Those Who Died on August 4 and Are Counted Alive Are Many
August 3, 2021

The August 4 explosion is the first that hit Beirut in years, it seems like it won’t be the last. The explosion that killed Rafiq Hariri in February 2005 is the closest to this explosion in intensity and impact that flipped our lives upside down. The biggest difference is that the August 2020 explosion have put us among the dead without us being counted in the hundreds of victims whose remains were carried in coffins. We are dead. It is no different to us to walk in the streets to do our daily rituals or be carried in coffins and buried somewhere on this earth.

We, in Lebanon, are accompanied by death in every step or action we take. It is no stranger to us and news of someone’s death is no longer surprising. We are capable of death. A citizen decides his own traffic law, he decides to shoot bullets in the air during a wedding or when his son graduates, he decides to cut electricity or hoard medicine… but to die on August 4, 2020 has a different dimension.

To die in the explosion of August 4, 2020 is to remain alive and awaken from the explosion to find yourself in your car not knowing where you are or what had happened, you try to open the door and find that a wall had taken rest on the hood of your car. You look in the mirror and you see your face covered in blood, so you exit the car with great effort to walk in the street, perhaps you would find someone who would drive you to the nearest hospital. But you see cars upside down and people running in every direction unaware of what had taken place, unaware of what to do or where to go. You continue to walk, perhaps you would find someone to talk to and ask about what had happened, you remain lost, not knowing how to wake up from this. Is this a nightmare? An annoying dream that you will wake up from? Is this death, is this judgement day?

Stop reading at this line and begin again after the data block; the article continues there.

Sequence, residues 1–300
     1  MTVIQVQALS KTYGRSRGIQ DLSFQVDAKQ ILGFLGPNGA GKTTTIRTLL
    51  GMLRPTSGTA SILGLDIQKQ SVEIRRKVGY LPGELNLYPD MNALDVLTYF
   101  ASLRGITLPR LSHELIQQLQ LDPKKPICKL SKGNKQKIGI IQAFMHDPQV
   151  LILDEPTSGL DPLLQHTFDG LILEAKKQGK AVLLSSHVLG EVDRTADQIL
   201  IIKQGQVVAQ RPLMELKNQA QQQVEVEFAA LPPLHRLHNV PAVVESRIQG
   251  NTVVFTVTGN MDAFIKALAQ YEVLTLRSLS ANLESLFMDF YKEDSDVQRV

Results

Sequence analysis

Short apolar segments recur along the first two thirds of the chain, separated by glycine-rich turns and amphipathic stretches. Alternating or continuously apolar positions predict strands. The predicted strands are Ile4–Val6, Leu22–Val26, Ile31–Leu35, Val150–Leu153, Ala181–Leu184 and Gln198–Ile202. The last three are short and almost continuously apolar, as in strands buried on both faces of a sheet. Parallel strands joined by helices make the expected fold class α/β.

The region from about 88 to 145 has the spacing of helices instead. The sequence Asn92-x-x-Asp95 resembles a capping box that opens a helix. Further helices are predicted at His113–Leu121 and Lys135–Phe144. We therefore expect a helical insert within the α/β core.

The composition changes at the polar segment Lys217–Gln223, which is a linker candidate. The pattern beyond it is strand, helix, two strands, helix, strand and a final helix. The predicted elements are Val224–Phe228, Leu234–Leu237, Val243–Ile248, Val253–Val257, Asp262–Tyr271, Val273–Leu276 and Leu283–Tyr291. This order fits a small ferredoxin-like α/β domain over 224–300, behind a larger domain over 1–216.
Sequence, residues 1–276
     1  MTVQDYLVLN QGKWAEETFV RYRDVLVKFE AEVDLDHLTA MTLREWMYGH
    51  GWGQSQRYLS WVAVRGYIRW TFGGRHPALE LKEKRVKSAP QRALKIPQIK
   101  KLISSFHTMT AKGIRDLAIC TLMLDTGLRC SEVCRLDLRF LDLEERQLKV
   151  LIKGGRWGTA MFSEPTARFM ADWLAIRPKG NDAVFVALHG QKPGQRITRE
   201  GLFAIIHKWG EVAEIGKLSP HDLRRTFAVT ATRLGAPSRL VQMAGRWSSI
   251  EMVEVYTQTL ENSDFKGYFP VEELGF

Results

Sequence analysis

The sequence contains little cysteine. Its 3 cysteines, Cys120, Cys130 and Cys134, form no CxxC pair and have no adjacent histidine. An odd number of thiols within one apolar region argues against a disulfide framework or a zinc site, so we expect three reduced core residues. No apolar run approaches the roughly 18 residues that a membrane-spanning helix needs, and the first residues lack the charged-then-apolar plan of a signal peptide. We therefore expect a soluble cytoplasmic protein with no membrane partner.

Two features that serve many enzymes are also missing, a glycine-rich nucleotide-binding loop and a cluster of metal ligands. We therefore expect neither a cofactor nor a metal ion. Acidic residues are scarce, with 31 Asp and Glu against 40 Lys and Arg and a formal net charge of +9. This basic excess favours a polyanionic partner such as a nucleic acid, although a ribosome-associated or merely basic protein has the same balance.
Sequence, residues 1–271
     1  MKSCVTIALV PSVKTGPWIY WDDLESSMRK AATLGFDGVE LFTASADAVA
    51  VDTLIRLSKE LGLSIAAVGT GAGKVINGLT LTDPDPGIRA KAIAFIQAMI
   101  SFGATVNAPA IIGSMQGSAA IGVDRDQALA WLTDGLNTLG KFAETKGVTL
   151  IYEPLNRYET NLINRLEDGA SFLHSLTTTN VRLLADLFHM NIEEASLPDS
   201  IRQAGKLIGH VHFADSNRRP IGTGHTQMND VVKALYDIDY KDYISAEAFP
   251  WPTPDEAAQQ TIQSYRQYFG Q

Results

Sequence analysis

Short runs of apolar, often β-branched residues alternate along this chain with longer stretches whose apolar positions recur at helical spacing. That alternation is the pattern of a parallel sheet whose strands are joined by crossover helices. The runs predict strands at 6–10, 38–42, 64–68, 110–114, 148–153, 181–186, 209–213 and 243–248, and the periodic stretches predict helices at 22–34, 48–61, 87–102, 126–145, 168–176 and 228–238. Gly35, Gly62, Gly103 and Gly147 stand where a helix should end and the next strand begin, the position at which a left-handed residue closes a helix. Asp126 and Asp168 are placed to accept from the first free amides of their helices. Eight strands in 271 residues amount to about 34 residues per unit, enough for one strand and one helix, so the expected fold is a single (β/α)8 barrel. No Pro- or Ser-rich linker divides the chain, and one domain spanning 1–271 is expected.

To die in the explosion of August 4, 2020, is to remain alive waiting in your village for the arrival of your young son who drives a taxi. You had just spoken to him over the phone and he told you that he will make one more stop and come home. But he is still there in Gemmayze waiting for the cake he is supposed to deliver before coming home to you, it has mixed with his limbs and blood.

To die in the explosion of August 4, 2020, is to remain alive waiting for your 15 year-old son to open the door hurriedly to ask what’s for lunch today, and to ask for permission to hang out with his friends. Or to wait for your small three-year-old daughter to wake up from her afternoon nap so you could hear her laughter giving life to your home again, but you can only find silence.

To die in the explosion of August 4, 2020 is to remain alive to check on your home, damaged by the explosion. Time takes you to 1988 when you returned from your shelter outside of Lebanon after the bombing had stopped and you see the same scene: the roads are furnished with stones from destroyed homes, struck by 240mm shells, no glass, window, or door is in its place. It is the same today, the road is furnished with stone and glass while windows and doors hang from balconies.

To die in the explosion of August 4, 2020 is to remain alive and see the future you were trying to build in your imagination for your children in Beirut, making an effort to separate yourself from the sociopolitical reality, disappear and scatter like rocks and glass. All you are concerned with now is to gather what is left of hope and place it in a box for grand and “happy” occasions.

Those who died on August 4 and are counted alive are many.


This article was translated into English by Laura Albast. 
From the same blog series: Commemorating the Beirut Port Explosion
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